• Half of the 800,000 missing-juvenile cases reported each year are runaways. One quarter of missing-children cases are abductions committed by family members, often as a result of custody disputes. Approximately 100 are kidnappings by strangers. Of these, most of the victims are between 12 and 17, 80% are white, and 90% of the kidnappers are men. In more than half the cases, the victims are sexually assaulted.[7]
  • Minority children make up 65% of all non-family abductions. African American children make up 42%.[2]
  • In most of the developing world—including Africa, Asia, and Latin America—no one is counting missing children. Additionally, there are no specific laws on missing children, no established protocol, and no central missing child registries.[4]
  • Sad Facts about Missing Person
    In many countries, missing children are not tracked

  • Those with drug and alcohol addiction, psychiatric problems, and the elderly suffering from dementia or Alzheimer’s make up the bulk of missing-adult cases.[4]
  • The FBI designates severe, urgent missing person cases as “endangered or involuntary.” Approximately 15% of missing person cases are given that classification each year; most of them are applied to children.[4]
  • Over 83,000 Americans are missing from WWII, the Korean War, the Cold War, the Vietnam War, and the 1991 Gulf War.[8]
  • Japan has the 7th highest rate of international parental abductions involving U.S. children. Mexico ranks the first. Other countries that are uncooperative in returning abducted children to their U.S. parents include India, Slovakia, Honduras, Russia, and Switzerland.[4]
  • Of the 16 million Americans who served in WWII, there are more than 73,000 Americans still unaccounted for.[8]
  • At any given time, an estimated 90,000 people are missing in the United States.[4]
  • More than 7,500 Americans remain unaccounted for from the Korean War.[8]
  • One of the first missing children in America was Virginia Dare, who was the first baby born in the New World on Roanoke Island in 1587. When her grandfather left for England for more resources and then returned three years later, he couldn’t find the toddler—or any of the other settlers. The only clue was the word Croatan, which was carved on one of the settlement posts.[4]
  • More than 1,600 Americans remain unaccounted for from the Vietnam War.[8]
  • There are as many as 100,000 active missing persons cases in the U.S. at any given time.[4]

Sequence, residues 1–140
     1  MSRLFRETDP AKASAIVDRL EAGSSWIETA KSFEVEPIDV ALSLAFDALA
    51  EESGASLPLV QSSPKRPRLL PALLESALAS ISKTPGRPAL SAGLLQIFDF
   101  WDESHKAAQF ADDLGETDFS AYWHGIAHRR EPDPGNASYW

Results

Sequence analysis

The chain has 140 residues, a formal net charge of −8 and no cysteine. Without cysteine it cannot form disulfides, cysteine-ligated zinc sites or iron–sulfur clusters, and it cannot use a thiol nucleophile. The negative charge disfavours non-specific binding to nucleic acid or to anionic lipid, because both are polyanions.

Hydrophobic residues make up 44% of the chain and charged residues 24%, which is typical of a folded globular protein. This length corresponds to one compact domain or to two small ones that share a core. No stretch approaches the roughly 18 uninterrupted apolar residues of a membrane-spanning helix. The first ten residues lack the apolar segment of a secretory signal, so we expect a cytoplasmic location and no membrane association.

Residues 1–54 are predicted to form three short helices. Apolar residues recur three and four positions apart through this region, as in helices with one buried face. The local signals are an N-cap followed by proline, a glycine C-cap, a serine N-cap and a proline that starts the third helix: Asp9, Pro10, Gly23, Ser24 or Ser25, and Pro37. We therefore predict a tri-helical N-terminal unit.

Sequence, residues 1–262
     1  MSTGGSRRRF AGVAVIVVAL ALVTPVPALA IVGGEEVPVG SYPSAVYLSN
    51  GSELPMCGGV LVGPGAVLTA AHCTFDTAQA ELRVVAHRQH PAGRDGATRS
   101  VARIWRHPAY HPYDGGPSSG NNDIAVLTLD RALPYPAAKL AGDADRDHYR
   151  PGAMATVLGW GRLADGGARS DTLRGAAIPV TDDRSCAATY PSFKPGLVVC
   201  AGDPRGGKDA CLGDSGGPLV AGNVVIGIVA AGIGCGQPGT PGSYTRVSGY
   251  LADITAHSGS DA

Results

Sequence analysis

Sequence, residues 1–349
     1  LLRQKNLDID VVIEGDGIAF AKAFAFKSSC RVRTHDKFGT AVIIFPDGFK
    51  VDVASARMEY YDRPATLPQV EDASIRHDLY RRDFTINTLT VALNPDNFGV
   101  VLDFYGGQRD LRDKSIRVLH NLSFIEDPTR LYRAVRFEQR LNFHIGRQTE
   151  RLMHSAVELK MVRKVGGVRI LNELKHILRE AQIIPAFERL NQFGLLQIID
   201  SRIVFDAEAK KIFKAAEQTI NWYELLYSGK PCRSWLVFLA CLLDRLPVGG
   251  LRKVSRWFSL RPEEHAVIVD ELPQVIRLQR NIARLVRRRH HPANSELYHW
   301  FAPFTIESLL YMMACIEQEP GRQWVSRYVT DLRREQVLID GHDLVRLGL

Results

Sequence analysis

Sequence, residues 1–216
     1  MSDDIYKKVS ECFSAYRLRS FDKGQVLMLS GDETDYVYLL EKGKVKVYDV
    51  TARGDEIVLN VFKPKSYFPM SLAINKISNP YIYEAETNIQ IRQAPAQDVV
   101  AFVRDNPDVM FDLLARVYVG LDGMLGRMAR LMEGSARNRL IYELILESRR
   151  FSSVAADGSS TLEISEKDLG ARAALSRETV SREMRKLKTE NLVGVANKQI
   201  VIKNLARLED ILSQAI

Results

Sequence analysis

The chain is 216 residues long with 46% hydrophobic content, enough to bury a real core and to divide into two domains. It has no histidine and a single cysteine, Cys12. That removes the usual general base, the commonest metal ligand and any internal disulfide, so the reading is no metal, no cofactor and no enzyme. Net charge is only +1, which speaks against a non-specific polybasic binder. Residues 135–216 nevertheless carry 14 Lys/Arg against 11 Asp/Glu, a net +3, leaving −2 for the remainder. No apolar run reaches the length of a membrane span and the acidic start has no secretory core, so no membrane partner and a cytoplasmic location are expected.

• Tragic Missing Persons Fact
    There are as many as 100,000 active missing persons cases in the U.S. at any given time

  • One of the most famous missing person’s cases was Charles Lindbergh’s baby. On March 1, 1932, his 20-month-old son, Charlie, was taken from his crib. Though a ransom was paid, the child was not returned and his body was found 72 days later. The tragedy inspired Congress to pass the Federal Kidnapping Act, also known as the Lindbergh Law, to make kidnapping across state lines a federal offense.[4]
  • On November 24, 1971, a man who called himself D.B. Cooper hijacked Northwest Airlines Flight 305. Once $200,000 and several parachutes were delivered per his request, he parachuted into the night. To this day, no one knows his whereabouts—or if he even survived.[4]
  • May 25th is Missing Children’s Day in the United States and in several European countries. It was established in1983 on the anniversary of Etan Patz’s disappearance.[4]
  • Frank Ahearn, a skiptracer (a term for people who find others), says that people intentionally go missing for usually two reasons: money or danger. Men usually leave because of money, and women because of danger. While the bulk of intentional disappearances were once men, more and more women choose to bail out.[4]
  • In the United States alone, enough children are abducted by family members on an average day to fill a school bus every other hour, 24 hours a day, 7 days a week, 365 days a year.[4]
  • According to the U.S. Department of State, there are no statistics that track the number of Americans who go missing in a foreign country in a given year. The United Kingdom does, however. In 2008, 481 British disappeared abroad, an increase from 401 the previous year and 336 in 2006.[4]
  • In 2008, there were 30 officially documented disappearances on cruise ships in the preceding five years.[4]
  • Police caution families of the missing to beware of scammers and people who claim to have psychic knowledge of the loved one’s fate.[4]
  • Interesting Facts about Missing Persons
    Family abductions are the most common type of child abduction
  • Family abductions are the most common type of child abduction. Of family-abducted children, fathers are responsible 53% of the time, while mothers are responsible 25% of the time. Grandparents, aunts, uncles, and other family members abducted the remainder of these children. Around 46% are returned within a week and 21% are returned within a month.[4]
  • When children disappear, they fall under the auspices of the National Child Search Assistance Act, which was passed in 1990. This act prohibits law enforcement agencies from requiring a waiting period before taking a missing persons report and provides that certain information be entered into the national database known as the National Crime Information Center (NCIC).[4]
  • The AMBER Alert, or Child Abduction Emergency, was named for 9-year-old Amber Hagerman who was abducted and slain in 1996. Its official acronym is “America’s Missing: Broadcasting Emergency Response.”[4]
  • The first child in the U.S. to be recovered using the AMBER Alert was Rae Leigh Bradbury when she was abducted at 8 weeks old in November 1998 in Texas.[4]